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Who are the real radicals on Capitol Hill?

By By Tray Smith
This past Tuesday, Democratic primary voters in Connecticut voted to nominate political novice Nick Lampson as their party's nominee for Connecticut's Senate seat.
Lampson's opponent was three term incumbent Sen. Joe Lieberman, who, undeterred by his primary defeat, has pledged to run as an independent in the November general election. The primary came a week after Democrats in the Senate filibustered a bill that would have increased the minimum wage and lowered the estate tax. Each of these instances will hold national consequences for the Democratic Party.
Joe Lieberman is no conservative. In 2000, he was Al Gore's running mate. He sought the Democratic nomination for President in 2004, running on a platform that called for a 55 percent income tax on workers in the highest tax bracket.
He supports abortion and has called for caps on carbon dioxide emissions. Yet, after he announced plans to run as an independent in the fall, Hillary Clinton, John Kerry, Senate Minority Leader Harry Reid, and the Democratic Senate Campaign Committee Chairman Chuck Schumer all came out against their fellow senator and encouraged him to step out of the race completely, pledging their support to Lamont.
Republicans have long wanted to repeal the estate tax, but Democrats have continued to filibuster that legislation in the Senate. In order to compromise, House Republicans passed a bill that did not completely eliminate the estate tax, but simply reduced the estate tax rates. In order to make that legislation even more attractive to Democratic lawmakers, Republicans attached proposals increasing the minimum wage and extending popular tax credits to the bill. The combination was perfect. Minimum wage earners would get an increase in pay while small businesses would get tax cuts. But Senate Democrats also filibustered that bill.
These events are significant. The same Senators who decry Republicans for their "right wing views" and lack of bipartisanship filibustered a compromise bill that would have produced good results for workers and businesses alike. They then endorsed a left wing political rookie over their colleague of 18 years, Joe Lieberman, who has been a loyal member of their own party just because he supports the Iraq war and has a good relationship with President Bush (in other words, he is bipartisan.) During the campaign, Lamont even aired attack ads with images of Lieberman hugging President Bush, as if it is a bad thing for a Senator to have a good relationship with our ruling President.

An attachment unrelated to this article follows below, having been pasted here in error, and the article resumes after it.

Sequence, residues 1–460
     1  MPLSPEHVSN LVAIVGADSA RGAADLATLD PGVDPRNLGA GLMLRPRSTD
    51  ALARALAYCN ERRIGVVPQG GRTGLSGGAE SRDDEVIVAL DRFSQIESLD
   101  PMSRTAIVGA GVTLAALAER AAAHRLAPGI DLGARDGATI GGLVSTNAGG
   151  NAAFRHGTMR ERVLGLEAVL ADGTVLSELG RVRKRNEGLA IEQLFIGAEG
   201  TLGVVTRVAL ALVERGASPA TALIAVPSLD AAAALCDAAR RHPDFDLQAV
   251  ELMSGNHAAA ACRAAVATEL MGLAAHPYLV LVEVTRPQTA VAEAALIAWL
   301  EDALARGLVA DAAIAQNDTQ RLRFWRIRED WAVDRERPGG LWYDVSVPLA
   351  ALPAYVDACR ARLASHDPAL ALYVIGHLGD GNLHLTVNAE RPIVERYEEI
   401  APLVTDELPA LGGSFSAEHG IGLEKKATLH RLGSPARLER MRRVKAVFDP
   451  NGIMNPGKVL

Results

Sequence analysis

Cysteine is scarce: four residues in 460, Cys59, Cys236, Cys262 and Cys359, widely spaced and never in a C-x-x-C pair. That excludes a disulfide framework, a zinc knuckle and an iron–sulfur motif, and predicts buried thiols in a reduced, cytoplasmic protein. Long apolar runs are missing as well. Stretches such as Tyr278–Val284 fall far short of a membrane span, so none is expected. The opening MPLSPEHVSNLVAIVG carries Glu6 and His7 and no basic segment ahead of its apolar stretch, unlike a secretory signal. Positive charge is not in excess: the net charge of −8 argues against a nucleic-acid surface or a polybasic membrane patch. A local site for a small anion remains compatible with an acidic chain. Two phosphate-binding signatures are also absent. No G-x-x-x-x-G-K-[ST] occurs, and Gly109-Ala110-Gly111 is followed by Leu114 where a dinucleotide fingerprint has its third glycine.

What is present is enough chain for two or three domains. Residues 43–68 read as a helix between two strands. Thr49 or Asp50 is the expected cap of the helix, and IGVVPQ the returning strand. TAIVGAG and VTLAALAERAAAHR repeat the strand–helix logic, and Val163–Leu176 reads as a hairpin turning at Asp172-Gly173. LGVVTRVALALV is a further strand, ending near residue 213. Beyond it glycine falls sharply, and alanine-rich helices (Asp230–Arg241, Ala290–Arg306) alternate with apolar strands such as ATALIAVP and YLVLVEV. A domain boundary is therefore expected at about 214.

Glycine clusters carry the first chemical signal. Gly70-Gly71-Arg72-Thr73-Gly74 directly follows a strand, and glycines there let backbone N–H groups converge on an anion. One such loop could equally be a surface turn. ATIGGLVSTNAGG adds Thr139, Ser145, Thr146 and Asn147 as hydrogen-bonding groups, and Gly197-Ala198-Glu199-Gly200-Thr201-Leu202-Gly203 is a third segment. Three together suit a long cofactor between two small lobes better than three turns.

For years, the Democrats have whined about how "mean spirited" and "right wing" the Republicans are. Yet, when Republicans produced compromise legislation intended to bring members of both parties together, the Democrats refused to even let that legislation come to a vote on the Senate floor. They are now working against one of their own just because he supports the war in Iraq.
The Democrats could only hide their true colors for so long. Now we have two clear examples of who the real partisans are. It is unfortunate that the party of Woodrow Wilson, Franklin Roosevelt, and John and Bobby Kennedy has become the party of the radical left wing. Instead of supporting a strong national security policy, the Democrats now lead witch hunts to run foreign policy hawks out of their party. Instead of supporting new policies designed to help keep America secure and economically competitive in the twenty first century, the Democrats have clung to the Vietnam era theory of big government and isolationism. The national Democratic Party has been hijacked by left wing special interest groups. Now, they are working against one of the last Democrats who clearly understand the threats we face in the modern world.
I will be the first to admit that the Republicans on Capitol Hill are not doing that great of a job. But instead of trying to work with them to move important legislation forward, the Democrats are obstructing any legislation they possibly can, preventing progress on issues of national importance. No matter how ineffective the Republicans are, they are definitely the lesser of two evils. They are definitely a better party than today's Democrats.
That is the bottom line.
Tray Smith is a sophomore at ECHS. He writes a political column for the Atmore Advance. He can be reached at tsmith_90@hotmail.com for comment. His column appears weekly.